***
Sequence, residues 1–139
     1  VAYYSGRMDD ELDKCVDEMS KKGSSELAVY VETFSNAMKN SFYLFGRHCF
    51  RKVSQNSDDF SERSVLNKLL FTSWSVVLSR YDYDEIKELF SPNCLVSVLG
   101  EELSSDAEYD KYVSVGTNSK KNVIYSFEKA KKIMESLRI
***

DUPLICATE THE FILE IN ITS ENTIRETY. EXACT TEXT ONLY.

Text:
Sequence, residues 1–139
     1  VAYYSGRMDD ELDKCVDEMS KKGSSELAVY VETFSNAMKN SFYLFGRHCF
    51  RKVSQNSDDF SERSVLNKLL FTSWSVVLSR YDYDEIKELF SPNCLVSVLG
   101  EELSSDAEYD KYVSVGTNSK KNVIYSFEKA KKIMESLRI